Epic Nap Battles
It is HARD when your usually agreeable kid goes from two two hour naps a day and twelve hour nights to zero naps a day and up three times a night.
I know it can always be worse, but when you're used to everything being so easy—for the most part—and so manageable with work and chores and dinner and cats and workouts and a husband...all day screaming and all night nursing can really throw a wrench in things.
We think he might be teething, but it's hard to say. His gums aren't puffy and raw. We don't see any nubs poking through. All we see is a really miserable guy who wants extra hugs and to nap only on mommy or daddy. The naps battles became a symbol of all the disruptions that happen along the road of parenthood and a reminder that these things are going to keep springing up and teaching me how to slow down, to pay better attention.
At first, Oliver's sleeping situation was really frustrating for me because I wanted him to be on my schedule. Why can't you just be how you were before? I'd wonder. Why won't you sleep? What is going ON? I'd give him his binky and try to get work done and there he'd be, on the monitor, standing at the corner of his crib staring at the door and crying like a little prisoner.
It was all so sad.
It wasn't until a week or so into our epic nap battles, after Raz had taken to rocking Oliver to sleep at bedtime again like we used to when he was a wee thing, that I started to think about the naps again and wonder if really COMMITTING to rocking and then sitting with him a little while he snoozed in my arms would help.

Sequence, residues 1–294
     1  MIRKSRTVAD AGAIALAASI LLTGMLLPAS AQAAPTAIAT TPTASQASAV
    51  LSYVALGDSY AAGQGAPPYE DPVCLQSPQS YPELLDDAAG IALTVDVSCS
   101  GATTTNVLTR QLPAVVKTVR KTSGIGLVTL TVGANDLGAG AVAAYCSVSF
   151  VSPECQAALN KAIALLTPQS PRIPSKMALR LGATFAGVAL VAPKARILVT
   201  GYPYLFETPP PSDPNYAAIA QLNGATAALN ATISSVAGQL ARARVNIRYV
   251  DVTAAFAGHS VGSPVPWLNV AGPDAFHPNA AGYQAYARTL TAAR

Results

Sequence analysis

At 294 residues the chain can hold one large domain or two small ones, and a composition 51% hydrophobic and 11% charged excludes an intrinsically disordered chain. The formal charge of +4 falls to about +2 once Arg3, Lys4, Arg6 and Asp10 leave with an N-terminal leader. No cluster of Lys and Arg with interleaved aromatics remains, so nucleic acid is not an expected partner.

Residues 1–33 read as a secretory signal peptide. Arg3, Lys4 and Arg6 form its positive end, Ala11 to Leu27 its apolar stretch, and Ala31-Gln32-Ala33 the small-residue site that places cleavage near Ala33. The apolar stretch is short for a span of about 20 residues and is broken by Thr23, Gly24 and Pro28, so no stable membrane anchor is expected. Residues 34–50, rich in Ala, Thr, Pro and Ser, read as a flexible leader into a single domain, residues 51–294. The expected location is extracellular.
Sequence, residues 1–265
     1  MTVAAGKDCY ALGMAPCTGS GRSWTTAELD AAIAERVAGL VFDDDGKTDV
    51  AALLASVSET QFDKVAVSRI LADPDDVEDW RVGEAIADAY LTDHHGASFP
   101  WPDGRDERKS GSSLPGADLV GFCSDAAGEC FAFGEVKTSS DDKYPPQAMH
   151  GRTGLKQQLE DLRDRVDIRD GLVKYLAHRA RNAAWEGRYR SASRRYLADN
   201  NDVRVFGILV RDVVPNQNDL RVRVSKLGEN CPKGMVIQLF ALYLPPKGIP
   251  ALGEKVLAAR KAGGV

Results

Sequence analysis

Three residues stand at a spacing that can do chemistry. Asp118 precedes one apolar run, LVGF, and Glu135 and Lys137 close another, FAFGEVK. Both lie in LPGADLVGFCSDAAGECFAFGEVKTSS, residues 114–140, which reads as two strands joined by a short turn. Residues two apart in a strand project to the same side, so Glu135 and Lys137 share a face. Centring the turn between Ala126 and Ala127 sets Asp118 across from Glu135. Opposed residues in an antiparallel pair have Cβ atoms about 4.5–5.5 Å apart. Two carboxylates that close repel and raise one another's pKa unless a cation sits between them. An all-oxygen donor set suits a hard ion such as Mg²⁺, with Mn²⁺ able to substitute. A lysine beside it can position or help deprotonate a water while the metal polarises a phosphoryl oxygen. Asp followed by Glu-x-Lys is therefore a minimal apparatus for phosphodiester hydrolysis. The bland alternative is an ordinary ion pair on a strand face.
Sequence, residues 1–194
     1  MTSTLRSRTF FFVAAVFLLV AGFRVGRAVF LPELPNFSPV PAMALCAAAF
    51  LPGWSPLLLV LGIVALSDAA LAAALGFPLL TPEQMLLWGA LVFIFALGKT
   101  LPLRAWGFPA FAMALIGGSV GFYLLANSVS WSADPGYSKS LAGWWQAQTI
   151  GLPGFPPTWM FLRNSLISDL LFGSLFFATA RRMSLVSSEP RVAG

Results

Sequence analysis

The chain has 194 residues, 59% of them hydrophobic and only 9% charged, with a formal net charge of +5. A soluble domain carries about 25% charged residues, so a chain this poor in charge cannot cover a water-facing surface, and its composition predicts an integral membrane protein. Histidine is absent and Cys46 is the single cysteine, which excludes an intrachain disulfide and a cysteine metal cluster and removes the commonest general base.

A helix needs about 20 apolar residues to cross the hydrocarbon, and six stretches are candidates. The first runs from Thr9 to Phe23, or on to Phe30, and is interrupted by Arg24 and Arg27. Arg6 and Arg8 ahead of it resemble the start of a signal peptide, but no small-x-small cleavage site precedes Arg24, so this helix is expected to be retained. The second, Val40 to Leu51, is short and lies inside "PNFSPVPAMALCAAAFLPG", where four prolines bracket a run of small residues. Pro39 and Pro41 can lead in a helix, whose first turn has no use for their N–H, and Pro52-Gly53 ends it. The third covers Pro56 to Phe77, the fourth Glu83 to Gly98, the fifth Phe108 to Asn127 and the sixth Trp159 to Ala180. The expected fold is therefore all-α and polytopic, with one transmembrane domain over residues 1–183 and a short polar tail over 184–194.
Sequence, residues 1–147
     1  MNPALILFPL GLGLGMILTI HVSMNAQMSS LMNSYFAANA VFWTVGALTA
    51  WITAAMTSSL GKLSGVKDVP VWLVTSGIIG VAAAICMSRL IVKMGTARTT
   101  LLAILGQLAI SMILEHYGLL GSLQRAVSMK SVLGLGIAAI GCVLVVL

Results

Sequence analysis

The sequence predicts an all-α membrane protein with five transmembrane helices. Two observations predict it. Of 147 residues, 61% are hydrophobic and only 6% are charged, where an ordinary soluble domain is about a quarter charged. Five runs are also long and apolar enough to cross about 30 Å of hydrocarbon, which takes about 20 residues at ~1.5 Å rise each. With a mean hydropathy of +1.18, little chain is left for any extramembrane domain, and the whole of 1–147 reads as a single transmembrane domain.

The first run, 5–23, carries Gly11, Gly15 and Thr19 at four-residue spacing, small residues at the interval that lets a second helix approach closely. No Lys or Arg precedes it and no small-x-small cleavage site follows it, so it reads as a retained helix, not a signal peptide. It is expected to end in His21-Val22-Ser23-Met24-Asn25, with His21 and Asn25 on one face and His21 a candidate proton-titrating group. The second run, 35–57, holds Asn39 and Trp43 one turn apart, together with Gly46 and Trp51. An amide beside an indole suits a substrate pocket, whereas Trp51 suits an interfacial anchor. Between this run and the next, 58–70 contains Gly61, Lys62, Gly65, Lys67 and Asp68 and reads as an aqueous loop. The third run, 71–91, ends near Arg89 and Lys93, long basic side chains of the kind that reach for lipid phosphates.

We tried it. He'd stand in his little prisoner corner wailing and I'd come and hold him, squeeze him when he tried to wiggle out of my arms, shush him, and sing to him, working hard not to rush him. After a lot of patience and a lot of false starts, he would finally give in.
And then I'd wait.
And I would feel tired.
And like a damn hero. But not too much of a hero until I successfully got him in the crib. That was the real test.
I'd wait longer than my body and my mind wanted to.
That's where I found the lesson.
It had to be in his time and in his way. I know whenever we have a rough patch next, this approach probably won't work. Every time we get used to one way, the ways change. But what I learned from holding my baby and staring at each other again—like we used to so many days and so many night early on—is that rushing him to feel better isn't going to make either of us feel better at all. I had to remind myself to be really really present with him. I had to be the person he needed, the person he believed would be there to make it all better.
And about two times out of a hundred these past two weeks, I have been. And I think I did—make it better, that is.
Two times is not nothing. In Babyland, two is something.
To all the mommas out there just doing your best—you're doing just fine. I'm right there with you. And we're nearly back on schedule...for now.